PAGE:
Why Is Dianne Feinstein So Opposed to the Green New Deal? Look at Her Family Finances.

Sen. Feinstein has direct financial interests in the same fossil fuel companies that the Green New Deal threatens.

Branko Marcetic

Sen. Feinstein opposes sweeping action to stop climate change. (Photo by Calla Kessler/The Washington Post via Getty Images)

On Feb­ru­ary 22, footage of Sen. Dianne Fein­stein (D‑Calif.) lec­tur­ing plead­ing chil­dren about her oppo­si­tion to Alexan­dria Oca­sio-Cortez and Ed Markey’s Green New Deal res­o­lu­tion went viral. Sev­er­al media com­men­ta­tors on both sides of the debate cast the video of the 85-year-old sen­a­tor dress­ing down the chil­dren as a case of gen­er­a­tional conflict.

The Feinstein episode points to broader tensions revealed by the Democratic Party's continued reliance on wealthy, well-connected candidates.

But the episode was also a reminder of the per­il of wealth inequal­i­ty in pol­i­tics, with Fein­stein, one of the very wealth­i­est mem­bers of Con­gress, hav­ing a per­son­al finan­cial stake in indus­tries whose bot­tom lines would be threat­ened by the mea­sures in the Green New Deal resolution.

Fein­stein, whose net worth stands at $58.5 mil­lion, has been mar­ried for near­ly 40 years to Richard C. Blum, a wealthy investor who still runs the pri­vate equi­ty firm he found­ed in 1975, Richard C. Blum & Asso­ciates, Inc. Accord­ing to Fein­stein’s most recent finan­cial annu­al report, filed in May 2018 and cov­er­ing the 2017 cal­en­dar year, Blum owns 100 per­cent of Yosemite Invest­ments LLC, through which he has hun­dreds of thou­sands of dol­lars invest­ed in sev­er­al fos­sil fuel com­pa­nies, some of which he has sold off since the Green New Deal began gain­ing increas­ing nation­al attention.

Accord­ing to an amend­ment filed in Jan­u­ary, Blum in August 2017 invest­ed more than $1 mil­lion in the Oster­weis Strate­gic Income Fund, a mutu­al fund run by invest­ment firm Oster­weis Cap­i­tal Man­age­ment. Among Osterweis’s top ten hold­ings are logis­tics firm XPO, a sub­sidiary of methanol pro­duc­er Con­sol­i­dat­ed Ener­gy Lim­it­ed, a sub­sidiary of com­mer­cial air­craft leas­er Ava­tion PLC, and min­ing com­pa­ny Teck Resources, which holds inter­ests in a num­ber of dif­fer­ent oil sands projects across the bor­der in Cana­da, includ­ing the con­tro­ver­sial Fron­tier project.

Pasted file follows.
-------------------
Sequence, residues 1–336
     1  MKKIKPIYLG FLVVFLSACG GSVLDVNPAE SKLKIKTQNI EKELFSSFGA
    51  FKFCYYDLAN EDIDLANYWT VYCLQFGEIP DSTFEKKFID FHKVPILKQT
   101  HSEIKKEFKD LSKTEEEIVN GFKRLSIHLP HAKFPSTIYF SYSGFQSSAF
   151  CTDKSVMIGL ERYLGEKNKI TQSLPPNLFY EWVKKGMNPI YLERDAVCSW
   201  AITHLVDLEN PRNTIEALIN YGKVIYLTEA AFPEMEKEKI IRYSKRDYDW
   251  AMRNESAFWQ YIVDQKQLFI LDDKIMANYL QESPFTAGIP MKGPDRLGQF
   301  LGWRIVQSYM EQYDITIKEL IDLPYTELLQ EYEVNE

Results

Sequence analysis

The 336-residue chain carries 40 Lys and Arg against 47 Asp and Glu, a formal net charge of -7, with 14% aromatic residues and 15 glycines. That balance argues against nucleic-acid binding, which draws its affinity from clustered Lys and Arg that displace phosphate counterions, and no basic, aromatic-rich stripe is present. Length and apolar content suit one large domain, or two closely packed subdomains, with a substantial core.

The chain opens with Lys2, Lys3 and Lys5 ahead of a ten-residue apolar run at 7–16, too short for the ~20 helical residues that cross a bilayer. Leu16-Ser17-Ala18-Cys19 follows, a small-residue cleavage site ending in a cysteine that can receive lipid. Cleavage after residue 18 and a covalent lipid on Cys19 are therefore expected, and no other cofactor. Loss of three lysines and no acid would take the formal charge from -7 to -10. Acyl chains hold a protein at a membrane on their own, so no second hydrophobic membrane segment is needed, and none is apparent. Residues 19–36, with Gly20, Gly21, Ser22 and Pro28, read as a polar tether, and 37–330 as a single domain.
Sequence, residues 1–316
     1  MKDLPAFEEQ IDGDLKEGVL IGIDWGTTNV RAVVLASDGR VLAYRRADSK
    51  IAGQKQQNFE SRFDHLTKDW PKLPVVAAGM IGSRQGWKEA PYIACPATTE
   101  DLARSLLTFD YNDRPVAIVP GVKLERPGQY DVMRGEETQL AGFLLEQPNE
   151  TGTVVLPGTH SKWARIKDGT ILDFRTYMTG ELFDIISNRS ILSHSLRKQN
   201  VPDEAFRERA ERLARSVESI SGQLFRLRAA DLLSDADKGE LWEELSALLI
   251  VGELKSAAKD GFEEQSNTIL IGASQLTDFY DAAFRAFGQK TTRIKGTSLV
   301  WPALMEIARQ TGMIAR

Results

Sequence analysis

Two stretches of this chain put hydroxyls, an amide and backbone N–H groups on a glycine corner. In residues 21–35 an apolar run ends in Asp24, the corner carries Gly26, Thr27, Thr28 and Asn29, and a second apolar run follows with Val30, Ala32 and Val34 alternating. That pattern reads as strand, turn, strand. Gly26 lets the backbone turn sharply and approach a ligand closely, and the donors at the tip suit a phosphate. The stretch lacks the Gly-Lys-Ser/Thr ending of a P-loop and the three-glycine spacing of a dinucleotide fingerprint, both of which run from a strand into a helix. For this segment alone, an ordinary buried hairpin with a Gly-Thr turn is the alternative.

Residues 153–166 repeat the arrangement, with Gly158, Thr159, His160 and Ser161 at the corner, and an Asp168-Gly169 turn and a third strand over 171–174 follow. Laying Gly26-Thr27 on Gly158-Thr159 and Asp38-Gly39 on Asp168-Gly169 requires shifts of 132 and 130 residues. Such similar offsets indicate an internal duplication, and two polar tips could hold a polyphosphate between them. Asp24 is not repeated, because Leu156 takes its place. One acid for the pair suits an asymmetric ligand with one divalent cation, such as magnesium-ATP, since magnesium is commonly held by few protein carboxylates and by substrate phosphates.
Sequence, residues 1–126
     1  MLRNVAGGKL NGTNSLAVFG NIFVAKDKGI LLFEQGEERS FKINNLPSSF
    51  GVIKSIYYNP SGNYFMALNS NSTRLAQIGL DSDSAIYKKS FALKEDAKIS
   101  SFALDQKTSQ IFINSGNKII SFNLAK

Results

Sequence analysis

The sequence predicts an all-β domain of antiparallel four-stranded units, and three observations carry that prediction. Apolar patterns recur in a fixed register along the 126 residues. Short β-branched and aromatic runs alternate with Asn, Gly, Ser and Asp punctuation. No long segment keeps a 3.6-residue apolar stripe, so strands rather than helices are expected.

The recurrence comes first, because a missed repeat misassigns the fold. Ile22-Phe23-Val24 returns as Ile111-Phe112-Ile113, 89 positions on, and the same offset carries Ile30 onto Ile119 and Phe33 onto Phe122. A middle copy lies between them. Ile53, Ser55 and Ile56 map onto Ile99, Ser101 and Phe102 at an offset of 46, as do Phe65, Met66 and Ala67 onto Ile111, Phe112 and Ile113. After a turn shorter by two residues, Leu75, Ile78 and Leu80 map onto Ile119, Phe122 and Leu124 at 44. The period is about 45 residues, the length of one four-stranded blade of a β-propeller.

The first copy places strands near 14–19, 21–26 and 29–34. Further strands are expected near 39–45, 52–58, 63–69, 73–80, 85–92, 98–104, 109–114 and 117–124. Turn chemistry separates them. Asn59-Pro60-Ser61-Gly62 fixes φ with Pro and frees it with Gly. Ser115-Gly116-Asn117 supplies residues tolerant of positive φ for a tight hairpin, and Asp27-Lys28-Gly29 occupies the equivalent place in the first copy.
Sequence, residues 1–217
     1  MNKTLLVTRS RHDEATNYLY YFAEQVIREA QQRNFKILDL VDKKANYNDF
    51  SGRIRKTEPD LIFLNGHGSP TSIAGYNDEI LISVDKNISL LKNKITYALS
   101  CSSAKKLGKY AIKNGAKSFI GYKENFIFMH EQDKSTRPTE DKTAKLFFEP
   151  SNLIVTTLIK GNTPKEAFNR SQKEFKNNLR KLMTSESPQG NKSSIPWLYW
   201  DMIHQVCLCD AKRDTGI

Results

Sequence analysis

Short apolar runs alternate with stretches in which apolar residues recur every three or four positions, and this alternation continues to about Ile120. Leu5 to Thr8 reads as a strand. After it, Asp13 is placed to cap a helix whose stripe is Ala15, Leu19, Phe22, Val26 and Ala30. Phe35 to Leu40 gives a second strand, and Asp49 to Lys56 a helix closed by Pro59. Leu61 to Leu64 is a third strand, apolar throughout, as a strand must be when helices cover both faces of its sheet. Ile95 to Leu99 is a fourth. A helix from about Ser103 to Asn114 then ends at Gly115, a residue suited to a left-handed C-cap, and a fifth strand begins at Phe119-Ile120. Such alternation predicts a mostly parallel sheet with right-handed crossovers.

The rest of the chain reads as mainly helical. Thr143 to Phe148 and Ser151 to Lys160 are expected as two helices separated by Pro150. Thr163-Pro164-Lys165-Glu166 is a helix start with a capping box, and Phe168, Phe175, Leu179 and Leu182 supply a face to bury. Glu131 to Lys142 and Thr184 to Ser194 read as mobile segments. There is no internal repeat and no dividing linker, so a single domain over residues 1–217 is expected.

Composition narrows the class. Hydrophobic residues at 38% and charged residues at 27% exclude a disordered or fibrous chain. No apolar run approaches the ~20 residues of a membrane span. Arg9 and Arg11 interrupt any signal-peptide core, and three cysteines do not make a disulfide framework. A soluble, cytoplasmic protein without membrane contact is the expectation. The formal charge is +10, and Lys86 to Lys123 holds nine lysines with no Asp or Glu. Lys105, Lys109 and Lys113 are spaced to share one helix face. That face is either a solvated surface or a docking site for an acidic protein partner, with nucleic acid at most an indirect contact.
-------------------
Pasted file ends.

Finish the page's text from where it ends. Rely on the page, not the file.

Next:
In the annu­al report cov­er­ing 2017, Blum report­ed hav­ing over $50,000 invest­ed in Antero Mid­stream Part­ners, which owns and oper­ates infra­struc­ture for nat­ur­al gas and nat­ur­al gas liq­uids pro­duc­tion. Trans­ac­tion reports filed in 2018 and this year show Blum has also made major invest­ments in Antero Mid­stream GP. The two com­pa­nies are expect­ed to final­ize a merg­er, form­ing Antero Mid­stream Cor­po­ra­tion, on March 12.

All of these com­pa­nies could poten­tial­ly be impact­ed by mea­sures pro­posed in the Green New Deal, such as cre­at­ing a nation­wide high-speed rail net­work, tran­si­tion­ing to a ful­ly renew­able ener­gy grid and shift­ing to elec­tric vehi­cles. These mea­sures would not only sharply cur­tail the demand for fos­sil fuels, but wean ordi­nary Amer­i­cans and busi­ness­es off their reliance on air trav­el and trucking.

The same goes for some of the Oster­weis fund’s oth­er hold­ings such as Calumet Spe­cial­ty Prod­ucts, NGL Ener­gy Part­ners and Icahn Enter­pris­es. The lat­ter is the busi­ness vehi­cle for fos­sil fuel investor Carl Icahn, a Trump ally who helped shape the president’s pol­i­cy on the Envi­ron­men­tal Pro­tec­tion Agency, and sub­se­quent­ly prof­it­ed from it.

Fein­stein and her hus­band haven’t held on to all of their fos­sil fuel-relat­ed assets. The annu­al report cov­er­ing 2017 showed they had over $100,000 invest­ed in oil field ser­vice giant Hal­libur­ton and indus­tri­al con­glom­er­ate Dana­her, each. Among the many com­pa­nies owned by Dana­her are McCrom­e­ter, which pro­vides mea­sure­ment tech­nol­o­gy for the fos­sil fuel indus­try, and Pall, which sup­plies the oil and gas industries.